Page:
A Day in the Life at the Alyssa Burnett Adult Life Center
Today marks the first day of fall quarter classes at the Burnett Center and that ‘back-to-school’ buzz has been circulating throughout the center all morning.
As I walk down the hall, I greet new and returning participants – adults with autism and other developmental disabilities – here to learn something new and be amongst peers. Beloved instructors are returning and new ones are here too, eager to bring their expertise and fresh ideas to each classroom.
At the beginning of each music class, the instructor often asks each participant how they’re feeling that day.
Today, a common theme is happy. Read full post »
(with a child with autism)
On my way to work I sometimes walk a short stretch of the Burke-Gilman trail, an expansive 27-mile path for pedestrians and cyclists in Seattle. As I merge onto the trail, I make a concerted effort to become aware of my surroundings. I walk on the side of the track, my arms tucked in at my side. Cyclists reach top speed and I’m on alert for that familiar warning “On your left” which means don’t move to your left or you will become a human bike rack.
I think about my son with autism almost every time I walk this trail. This is one of many places my son cannot go. Arthur is 15 and has autism. Arthur is not always aware of the world around him and that split second instruction to watch your left side would be lost on him. He would inevitably stray and wander along the path, Read full post »
“If you give a man a fish, you feed him for a day.
If you teach a man to fish, you feed him for a lifetime.”
We’ve all heard this saying before and know that it is used to stress the point that it is more valuable and longer-lasting to teach skills towards being independent rather than to provide short-term temporary support.
As parents, we know the wisdom of teaching our kids to do for themselves rather than doing for them. This applies to parents too. At Seattle Children’s Autism Center, we strive to empower parents by providing them with tools for parental self-efficacy, the confidence and competence to handle the challenges autism presents.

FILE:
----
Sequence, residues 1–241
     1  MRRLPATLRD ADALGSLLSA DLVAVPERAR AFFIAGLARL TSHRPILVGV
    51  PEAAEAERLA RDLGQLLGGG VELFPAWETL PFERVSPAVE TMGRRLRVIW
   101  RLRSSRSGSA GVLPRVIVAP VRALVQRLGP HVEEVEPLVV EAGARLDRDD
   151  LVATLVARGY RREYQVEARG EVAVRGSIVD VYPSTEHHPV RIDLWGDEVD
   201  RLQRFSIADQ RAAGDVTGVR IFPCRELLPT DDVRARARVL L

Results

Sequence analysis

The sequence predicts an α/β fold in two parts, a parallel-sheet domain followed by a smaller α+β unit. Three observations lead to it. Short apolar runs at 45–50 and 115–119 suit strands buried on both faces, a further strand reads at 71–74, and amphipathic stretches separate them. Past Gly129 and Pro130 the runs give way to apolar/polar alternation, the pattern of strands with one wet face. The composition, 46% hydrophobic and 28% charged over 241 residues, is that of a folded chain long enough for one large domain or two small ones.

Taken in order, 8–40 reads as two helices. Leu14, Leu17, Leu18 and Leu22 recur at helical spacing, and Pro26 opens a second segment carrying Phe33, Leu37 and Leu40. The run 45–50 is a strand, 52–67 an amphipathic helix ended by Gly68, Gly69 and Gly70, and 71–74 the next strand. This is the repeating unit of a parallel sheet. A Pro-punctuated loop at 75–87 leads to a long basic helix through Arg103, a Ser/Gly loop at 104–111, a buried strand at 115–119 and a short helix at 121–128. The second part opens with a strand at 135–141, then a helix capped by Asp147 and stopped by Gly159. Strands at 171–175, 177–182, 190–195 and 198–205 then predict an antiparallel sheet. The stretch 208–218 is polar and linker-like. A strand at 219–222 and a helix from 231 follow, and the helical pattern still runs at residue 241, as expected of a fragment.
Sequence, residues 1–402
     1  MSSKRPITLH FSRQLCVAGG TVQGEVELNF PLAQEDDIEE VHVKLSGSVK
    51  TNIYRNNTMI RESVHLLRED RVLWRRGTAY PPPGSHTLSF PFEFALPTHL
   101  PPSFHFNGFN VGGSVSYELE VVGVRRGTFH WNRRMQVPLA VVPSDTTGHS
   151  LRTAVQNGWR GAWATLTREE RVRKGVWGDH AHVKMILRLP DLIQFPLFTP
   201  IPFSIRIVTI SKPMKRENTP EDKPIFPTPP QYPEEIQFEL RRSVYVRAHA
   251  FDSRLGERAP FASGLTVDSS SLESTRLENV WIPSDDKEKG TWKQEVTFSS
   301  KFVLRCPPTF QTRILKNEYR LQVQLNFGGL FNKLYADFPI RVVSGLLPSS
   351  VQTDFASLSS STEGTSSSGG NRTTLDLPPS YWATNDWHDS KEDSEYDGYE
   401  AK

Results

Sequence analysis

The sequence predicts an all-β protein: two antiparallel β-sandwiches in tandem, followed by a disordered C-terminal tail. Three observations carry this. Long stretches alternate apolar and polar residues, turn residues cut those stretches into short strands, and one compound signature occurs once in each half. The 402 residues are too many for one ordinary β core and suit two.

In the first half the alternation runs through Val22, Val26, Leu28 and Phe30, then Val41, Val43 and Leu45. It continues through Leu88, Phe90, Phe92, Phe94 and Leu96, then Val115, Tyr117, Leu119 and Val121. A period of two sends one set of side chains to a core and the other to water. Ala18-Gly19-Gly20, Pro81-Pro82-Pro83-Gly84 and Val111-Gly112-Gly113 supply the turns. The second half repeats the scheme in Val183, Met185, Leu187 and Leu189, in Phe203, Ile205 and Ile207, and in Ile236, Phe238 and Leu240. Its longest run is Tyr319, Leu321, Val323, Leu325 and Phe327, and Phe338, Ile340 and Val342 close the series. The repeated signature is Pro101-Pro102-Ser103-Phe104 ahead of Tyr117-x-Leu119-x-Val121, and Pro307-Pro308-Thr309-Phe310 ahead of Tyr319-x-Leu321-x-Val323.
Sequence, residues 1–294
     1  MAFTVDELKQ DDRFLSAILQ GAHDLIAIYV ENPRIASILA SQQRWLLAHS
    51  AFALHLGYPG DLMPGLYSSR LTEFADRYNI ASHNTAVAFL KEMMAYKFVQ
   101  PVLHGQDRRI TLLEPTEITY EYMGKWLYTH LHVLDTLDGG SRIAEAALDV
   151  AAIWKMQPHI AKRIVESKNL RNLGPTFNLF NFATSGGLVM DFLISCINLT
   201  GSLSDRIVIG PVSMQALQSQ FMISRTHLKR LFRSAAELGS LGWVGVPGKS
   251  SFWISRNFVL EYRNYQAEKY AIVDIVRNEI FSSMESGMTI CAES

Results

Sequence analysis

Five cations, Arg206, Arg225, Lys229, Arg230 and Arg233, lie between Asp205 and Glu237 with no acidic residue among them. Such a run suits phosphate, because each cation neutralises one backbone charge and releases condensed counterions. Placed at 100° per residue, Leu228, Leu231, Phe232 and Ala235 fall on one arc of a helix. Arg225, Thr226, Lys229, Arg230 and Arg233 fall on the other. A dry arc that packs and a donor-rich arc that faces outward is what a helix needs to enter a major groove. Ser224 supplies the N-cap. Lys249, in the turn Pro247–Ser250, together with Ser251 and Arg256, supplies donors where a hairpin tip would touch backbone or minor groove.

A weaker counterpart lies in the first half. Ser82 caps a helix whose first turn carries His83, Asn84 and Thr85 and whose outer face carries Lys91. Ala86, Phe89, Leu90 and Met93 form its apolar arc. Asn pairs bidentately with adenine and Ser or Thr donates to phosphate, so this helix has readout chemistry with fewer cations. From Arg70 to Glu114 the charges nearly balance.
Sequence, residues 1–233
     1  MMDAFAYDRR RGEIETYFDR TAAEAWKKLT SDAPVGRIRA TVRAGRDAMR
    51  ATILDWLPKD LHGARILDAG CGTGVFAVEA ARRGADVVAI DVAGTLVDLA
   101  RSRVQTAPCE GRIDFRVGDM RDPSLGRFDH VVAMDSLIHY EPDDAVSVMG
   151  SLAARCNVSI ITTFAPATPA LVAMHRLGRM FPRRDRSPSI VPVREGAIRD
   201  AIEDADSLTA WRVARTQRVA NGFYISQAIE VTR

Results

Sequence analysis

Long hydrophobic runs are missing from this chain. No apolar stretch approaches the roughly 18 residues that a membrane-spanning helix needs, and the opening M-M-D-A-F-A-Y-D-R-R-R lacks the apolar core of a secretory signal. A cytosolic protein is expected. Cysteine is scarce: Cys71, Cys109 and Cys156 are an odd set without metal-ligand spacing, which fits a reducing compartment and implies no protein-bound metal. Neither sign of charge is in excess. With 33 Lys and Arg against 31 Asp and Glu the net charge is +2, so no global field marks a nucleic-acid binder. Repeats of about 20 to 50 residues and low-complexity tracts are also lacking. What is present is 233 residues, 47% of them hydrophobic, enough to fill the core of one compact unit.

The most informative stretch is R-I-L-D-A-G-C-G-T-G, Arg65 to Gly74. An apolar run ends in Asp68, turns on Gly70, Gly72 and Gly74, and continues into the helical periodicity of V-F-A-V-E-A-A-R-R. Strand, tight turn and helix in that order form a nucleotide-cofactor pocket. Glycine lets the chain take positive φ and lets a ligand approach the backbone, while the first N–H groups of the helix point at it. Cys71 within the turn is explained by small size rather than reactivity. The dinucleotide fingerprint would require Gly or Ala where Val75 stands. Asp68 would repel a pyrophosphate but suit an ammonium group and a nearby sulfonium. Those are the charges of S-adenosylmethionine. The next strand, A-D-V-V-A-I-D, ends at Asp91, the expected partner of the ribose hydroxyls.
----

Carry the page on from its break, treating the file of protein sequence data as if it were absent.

First I want to recognize that as a parent new to the diagnosis,
I didn’t want to fish.
I didn’t want to be given a fish.
I wanted nothing to do with fishing. Read full post »
When my son was first diagnosed with autism at age 22 months, one of the first things I desperately craved was to talk with other parents. I had so many questions.
What just happened?
Where do I start?
What early intervention program do you recommend?
What therapies have your tried?
Why isn’t this therapy covered by insurance?
How do I get my kid in this school?
Why is he flapping his hands in front of his face?
He’s not talking. When did your child start talking?
I’m sad, tired, scared and lost. Are you?
Will I always feel this way?
And who better to ask than those parents who had already experienced it? I went to a few support groups. I asked my questions. I did not get answers. Read full post »
By Lynn Vigo with Blanca Fields
In our last blog, we mentioned families who might “suffer in silence” for various reasons without getting help. Some reasons for this may be cultural in nature. In my role as a family therapist, I sometimes hear families say that in their culture, there is no word for autism, and that any kind of special need is considered a blemish on the family. Some tell me that it is customary to keep challenges within the family or cultural community, never discussing them outside of these boundaries. Some families don’t take the diagnosis seriously and seem to think that their child will outgrow the challenges that autism presents.
In our desire to better understand how providers can be more helpful to families, we asked Seattle Children’s Patient Navigators for their input and were able to interview Blanca Fields about her work with Latino families who have Read full post »